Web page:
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Living independently despite blindness


A daily call from Red Cross gives Mavis confidence, knowing that if something were to happen to her Red Cross would raise the alarm.

Mavis is one of the many vulnerable people picking up the phone to a Red Cross volunteer every morning checking she's ok. "Red Cross rings me every morning between eight and half-past-eight and we just have a short chat. It's very nice to have that first talk in the morning with somebody, it's a good start to the day," says Mavis.

Mavis is 91 and lives by herself in the home she built with her late husband 47 years ago. A few years ago Mavis suffered a haemorrhage behind her eyes and lost all her near sight. The daily call from Red Cross is one of the services that help her remain independent and at home in comfortable surrounds. Despite her limited vision and age Mavis is enjoys her independence and still cooks all her own meals.

For some people, a daily phone call from Red Cross is the only conversation they'll have all day.

"My idea is you do as much as you can for yourself, which is something. It gives you a feeling that you're doing something," says Mavis. "I can't do anymore sewing or knitting or anything like that but I still manage to do my cooking. I like cooking and so I'm always interested in doing that."

Cooking is a hobby Mavis enjoys yet it may not be possible if she were forced to move into supported accommodation. Her familiarity with her kitchen means she can easily find her way around even if she can't things well.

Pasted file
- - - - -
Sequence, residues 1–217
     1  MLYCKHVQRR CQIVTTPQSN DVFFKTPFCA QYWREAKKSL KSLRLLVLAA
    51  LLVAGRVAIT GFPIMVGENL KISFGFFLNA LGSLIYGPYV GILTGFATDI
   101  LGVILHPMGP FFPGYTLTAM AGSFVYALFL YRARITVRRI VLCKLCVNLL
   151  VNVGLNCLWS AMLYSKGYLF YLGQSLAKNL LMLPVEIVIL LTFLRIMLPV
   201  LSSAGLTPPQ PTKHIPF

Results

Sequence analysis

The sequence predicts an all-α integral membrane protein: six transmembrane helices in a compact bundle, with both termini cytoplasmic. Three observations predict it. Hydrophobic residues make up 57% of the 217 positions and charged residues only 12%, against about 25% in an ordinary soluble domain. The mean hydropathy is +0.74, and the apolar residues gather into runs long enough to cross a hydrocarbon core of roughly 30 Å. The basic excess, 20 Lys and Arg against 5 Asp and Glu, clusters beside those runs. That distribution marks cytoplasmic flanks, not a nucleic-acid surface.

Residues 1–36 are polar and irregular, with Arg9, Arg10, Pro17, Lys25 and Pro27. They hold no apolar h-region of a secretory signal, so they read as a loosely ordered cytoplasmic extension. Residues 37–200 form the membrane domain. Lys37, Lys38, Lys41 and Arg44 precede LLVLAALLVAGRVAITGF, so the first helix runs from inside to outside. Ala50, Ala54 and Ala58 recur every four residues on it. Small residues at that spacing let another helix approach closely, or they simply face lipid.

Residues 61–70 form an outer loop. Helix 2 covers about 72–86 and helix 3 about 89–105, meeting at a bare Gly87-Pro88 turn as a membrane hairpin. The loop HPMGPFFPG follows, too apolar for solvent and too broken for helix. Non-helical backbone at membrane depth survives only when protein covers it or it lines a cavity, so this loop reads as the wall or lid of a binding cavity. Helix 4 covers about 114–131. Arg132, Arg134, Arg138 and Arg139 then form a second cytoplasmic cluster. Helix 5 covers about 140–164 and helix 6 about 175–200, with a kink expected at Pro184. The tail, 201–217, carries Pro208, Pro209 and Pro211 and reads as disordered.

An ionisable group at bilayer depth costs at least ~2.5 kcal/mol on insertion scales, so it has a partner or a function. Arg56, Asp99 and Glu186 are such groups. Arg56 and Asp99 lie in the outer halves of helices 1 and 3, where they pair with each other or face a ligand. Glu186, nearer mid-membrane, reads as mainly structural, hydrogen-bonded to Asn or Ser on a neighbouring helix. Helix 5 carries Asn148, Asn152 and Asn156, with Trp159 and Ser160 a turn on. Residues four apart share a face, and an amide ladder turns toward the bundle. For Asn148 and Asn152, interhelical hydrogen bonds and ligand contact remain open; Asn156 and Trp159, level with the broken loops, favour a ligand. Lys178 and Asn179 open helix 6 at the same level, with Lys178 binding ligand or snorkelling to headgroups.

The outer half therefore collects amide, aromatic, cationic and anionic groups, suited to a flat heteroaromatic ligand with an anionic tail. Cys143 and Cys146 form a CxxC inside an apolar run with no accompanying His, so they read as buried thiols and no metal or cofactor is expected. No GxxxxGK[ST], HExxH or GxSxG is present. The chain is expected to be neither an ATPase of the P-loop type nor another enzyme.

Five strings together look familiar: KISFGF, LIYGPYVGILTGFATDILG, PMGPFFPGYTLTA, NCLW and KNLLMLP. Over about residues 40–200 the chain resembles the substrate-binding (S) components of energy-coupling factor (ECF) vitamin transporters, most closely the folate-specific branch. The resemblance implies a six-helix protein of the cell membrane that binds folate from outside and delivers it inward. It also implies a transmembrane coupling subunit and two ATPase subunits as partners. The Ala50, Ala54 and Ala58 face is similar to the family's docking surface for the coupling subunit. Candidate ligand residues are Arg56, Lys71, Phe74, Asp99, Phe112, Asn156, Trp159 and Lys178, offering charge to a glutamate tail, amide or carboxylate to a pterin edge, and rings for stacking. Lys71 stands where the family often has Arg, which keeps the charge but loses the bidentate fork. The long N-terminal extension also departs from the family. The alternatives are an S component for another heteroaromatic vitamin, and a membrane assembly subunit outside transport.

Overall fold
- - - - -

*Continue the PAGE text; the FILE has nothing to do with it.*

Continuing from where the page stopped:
The last one, left alone

Late last year Mavis's only son died suddenly. It was a terrible shock to have to bury her son, the last remaining family member who regularly visited her. Through grieving tears Mavis recalls, "There are some things that are very hard to live with. But I have three married grandchildren. They all live up in Queensland, and I've got two great grandsons. That's all that's left of the family, I'm the last one." Her grandchildren call her occasionally but they all live in Queensland and have busy lives and the distance means that they simply can't visit enough to care for Mavis.

A call each day to check you're ok

Around 5000 Australians receive a phone call each day from Red Cross with volunteers making almost two million phone calls each year. In the past year Red Cross took action to help almost 800 people who were ill or injured and did not answer their daily call. For 34 clients, who were found to be deceased, Red Cross helped give them dignity in death by ensuring somebody knew.

Red Cross volunteers have been calling people each day to check they are OK for four decades. Ian Coverdale, National Manager for Social Inclusion, says it's a simple service that has been operating in much the same way for its entire history. "Something as simple as a daily phone call can give people who live alone confidence to remain independent and daily human contact that for some is the only conversation they'll have all day," he says.

When asked if there is anything else she wanted to say about the Red Cross service, Mavis replied, "Red Cross are very exceptional people. They do so much for so many people, they're so good with their services and what they can offer and I think people should support them as much as they can."

Read more about Red Cross services for vulnerable older people.



Photo: Australian Red Cross/Rodney Dekker